CEMACH

Introduction and aims, objectives and definitions used in this Report

Gwyneth Lewis

Introduction

A new title; a renewed purpose

The change of title of this, the seventh Report of the United Kingdom (UK) Enquiries into Maternal Deaths, from “Why Mothers Die” to “Saving Mothers’ Lives” more aptly reflects the purpose of this continuing, crucial, component of maternity service provision in the UK. To underline the proactive nature of this Enquiry, this Report, for the triennium 2003-2005, differs in other ways as well. It sets out ten overarching recommendations, which, where possible, are accompanied by suggested benchmarks and/or auditable standards to ensure more consistent implementation, monitoring and feedback. Whilst this does not take away the importance of the more specific recommendations and learning points made in each chapter, it will enable a more focused and strategic approach to implementing, and monitoring the key overarching recommendations which aim to provide every mother and her baby with high quality, safe and accessible maternity services.

Each Report’s recommendations are acted on by different people at many different levels. Examples include individual health practitioners, the Royal Colleges and other professional organisations, health authorities, commissioners, Trust risk and general managers, the Clinical Negligence Scheme for Trusts (CNST), the Welsh Risk Pool (WRP), the Health Care Commission (HCC) as well as central Government and its affiliated agencies. For example, in England, the National Service Framework for Maternity Services1 and its implementation strategy “Maternity Matters”2, both acknowledge the key part the findings of previous Reports have played in policy development. The Welsh National Service Framework for Maternity Services is similar3. Their recommendations help in protocol development, clinical audit and maternity service design and delivery.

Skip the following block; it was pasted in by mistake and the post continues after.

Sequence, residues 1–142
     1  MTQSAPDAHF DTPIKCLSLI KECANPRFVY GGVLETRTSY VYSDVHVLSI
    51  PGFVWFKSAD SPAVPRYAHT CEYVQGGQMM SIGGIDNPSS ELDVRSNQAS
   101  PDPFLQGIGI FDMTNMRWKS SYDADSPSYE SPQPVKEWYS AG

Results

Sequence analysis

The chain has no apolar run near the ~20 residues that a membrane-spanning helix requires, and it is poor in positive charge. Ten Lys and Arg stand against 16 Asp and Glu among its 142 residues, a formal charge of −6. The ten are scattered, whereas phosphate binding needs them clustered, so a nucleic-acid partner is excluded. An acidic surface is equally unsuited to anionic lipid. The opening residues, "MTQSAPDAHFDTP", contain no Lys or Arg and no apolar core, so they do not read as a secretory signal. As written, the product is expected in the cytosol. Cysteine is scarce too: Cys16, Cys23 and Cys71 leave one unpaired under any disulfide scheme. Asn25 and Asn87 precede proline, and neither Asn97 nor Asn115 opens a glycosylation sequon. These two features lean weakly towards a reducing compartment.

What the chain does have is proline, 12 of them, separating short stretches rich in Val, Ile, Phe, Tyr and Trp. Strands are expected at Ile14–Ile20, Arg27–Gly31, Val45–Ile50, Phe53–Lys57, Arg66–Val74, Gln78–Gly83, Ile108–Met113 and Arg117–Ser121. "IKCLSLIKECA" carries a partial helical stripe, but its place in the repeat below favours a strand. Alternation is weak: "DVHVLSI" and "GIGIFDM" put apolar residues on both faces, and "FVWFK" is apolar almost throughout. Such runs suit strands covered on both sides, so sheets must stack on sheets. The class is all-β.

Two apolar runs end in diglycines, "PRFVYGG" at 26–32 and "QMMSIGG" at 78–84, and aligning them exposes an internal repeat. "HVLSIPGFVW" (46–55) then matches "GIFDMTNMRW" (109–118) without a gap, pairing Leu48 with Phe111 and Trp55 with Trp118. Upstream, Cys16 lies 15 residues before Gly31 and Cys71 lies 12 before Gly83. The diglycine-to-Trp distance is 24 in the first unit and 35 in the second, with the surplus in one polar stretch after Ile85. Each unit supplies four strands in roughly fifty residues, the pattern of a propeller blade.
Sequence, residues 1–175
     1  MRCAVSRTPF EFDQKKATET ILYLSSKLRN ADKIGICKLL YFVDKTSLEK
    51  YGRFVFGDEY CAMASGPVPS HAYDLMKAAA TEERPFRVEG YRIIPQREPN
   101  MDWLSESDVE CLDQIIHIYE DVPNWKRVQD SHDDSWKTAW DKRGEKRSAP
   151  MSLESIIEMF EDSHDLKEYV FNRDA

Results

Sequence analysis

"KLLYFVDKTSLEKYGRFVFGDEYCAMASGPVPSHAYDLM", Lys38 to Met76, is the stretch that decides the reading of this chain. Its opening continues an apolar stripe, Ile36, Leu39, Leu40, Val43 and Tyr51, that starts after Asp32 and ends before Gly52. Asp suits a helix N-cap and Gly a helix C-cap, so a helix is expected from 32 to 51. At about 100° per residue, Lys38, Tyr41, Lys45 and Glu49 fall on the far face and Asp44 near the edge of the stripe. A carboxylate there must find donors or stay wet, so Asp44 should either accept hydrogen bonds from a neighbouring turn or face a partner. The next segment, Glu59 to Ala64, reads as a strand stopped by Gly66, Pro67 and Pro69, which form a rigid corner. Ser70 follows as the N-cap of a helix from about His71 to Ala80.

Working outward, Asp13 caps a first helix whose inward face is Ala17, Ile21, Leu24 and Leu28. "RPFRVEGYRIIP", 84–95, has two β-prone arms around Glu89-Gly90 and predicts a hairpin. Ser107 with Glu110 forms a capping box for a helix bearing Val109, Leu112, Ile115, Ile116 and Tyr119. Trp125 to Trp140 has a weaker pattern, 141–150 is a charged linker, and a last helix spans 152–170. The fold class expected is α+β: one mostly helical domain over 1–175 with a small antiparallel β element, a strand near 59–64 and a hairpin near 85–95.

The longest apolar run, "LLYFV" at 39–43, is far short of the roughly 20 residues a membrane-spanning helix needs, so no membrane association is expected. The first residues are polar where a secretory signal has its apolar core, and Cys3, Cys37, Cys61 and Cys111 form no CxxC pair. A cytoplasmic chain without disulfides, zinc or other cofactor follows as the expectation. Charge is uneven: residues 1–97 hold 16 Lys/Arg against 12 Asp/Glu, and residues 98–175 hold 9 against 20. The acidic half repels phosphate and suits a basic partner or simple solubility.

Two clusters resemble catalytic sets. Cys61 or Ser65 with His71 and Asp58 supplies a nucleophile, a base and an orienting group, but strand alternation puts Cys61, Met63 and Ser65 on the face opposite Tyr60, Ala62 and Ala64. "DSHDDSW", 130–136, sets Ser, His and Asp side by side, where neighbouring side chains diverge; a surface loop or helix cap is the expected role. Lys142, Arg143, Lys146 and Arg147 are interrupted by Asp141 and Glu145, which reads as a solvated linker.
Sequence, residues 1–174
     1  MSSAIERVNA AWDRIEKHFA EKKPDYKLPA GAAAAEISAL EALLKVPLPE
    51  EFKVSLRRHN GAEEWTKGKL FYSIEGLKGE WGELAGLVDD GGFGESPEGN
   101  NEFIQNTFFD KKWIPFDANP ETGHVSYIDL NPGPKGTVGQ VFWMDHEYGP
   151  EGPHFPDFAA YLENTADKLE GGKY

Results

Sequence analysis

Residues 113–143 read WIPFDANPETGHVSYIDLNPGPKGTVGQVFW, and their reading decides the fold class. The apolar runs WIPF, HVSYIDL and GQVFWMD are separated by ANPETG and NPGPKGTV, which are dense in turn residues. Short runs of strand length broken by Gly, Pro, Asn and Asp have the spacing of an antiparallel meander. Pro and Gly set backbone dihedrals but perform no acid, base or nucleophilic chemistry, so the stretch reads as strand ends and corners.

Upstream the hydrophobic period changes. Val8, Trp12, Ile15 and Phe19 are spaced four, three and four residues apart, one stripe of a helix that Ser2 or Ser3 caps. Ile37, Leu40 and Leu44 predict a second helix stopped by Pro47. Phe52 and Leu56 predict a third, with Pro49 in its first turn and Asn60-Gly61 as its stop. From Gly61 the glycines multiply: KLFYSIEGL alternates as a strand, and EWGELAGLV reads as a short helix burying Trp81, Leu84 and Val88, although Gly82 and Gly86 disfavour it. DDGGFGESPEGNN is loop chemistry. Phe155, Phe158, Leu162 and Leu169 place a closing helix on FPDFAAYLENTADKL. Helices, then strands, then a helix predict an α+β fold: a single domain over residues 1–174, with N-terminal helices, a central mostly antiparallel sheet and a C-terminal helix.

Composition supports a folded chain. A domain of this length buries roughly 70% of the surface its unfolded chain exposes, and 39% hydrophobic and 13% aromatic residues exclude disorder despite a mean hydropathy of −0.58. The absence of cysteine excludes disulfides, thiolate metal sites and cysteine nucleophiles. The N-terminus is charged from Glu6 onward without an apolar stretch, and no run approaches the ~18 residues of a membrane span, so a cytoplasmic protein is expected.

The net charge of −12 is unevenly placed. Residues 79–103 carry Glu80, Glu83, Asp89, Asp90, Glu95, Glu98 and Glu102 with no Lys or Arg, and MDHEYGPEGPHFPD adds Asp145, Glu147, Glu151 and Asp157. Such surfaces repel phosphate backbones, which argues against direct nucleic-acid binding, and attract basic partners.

In recent years, the Enquiry has expanded its remit to cover wider public health issues, and its findings and recommendations in this area have played a major part in helping in the development of other, broader, policies to help reduce health inequalities for the poorest families and for  socially excluded women. Without this current Report for example, it would not be known that, even in the UK in the twenty-first century, the most deprived  pregnant women have a risk of dying which is seven times higher than that of the broad majority of other pregnant women. And, by acting on similar findings in past Reports, this Enquiry has played a major part in re-defining the philosophy that now expects each individual women and her family to be at the heart of maternity services designed to meet their own particular needs, rather than vice versa.

Telling the story

The methodology used by the Enquiry goes beyond the scientific. Its philosophy, and that of those who participate in its process, also recognise and respect every maternal death as a young woman who died before her time, a mother, a member of a family and of her community. It does not demote women to numbers in statistical tables; it goes beyond counting numbers to listen and tell the stories of the women who died in order to learn lessons that may save the lives of other mothers and babies, as well as aiming to improve the standard of maternal health overall. Consequently, its methodology and philosophy now form part of a key strand in the World Health Organisations (WHO) overall global strategy to make pregnancy safer. A maternal mortality review tool kit, and programme, “Beyond the Numbers”4, has been introduced which includes advice and practical steps in choosing and implementing one or more of five possible approaches to maternal death reviews adaptable at any level and in any country. These are facility and community death reviews, Confidential Enquiries into Maternal Deaths, near miss reviews and clinical audit5.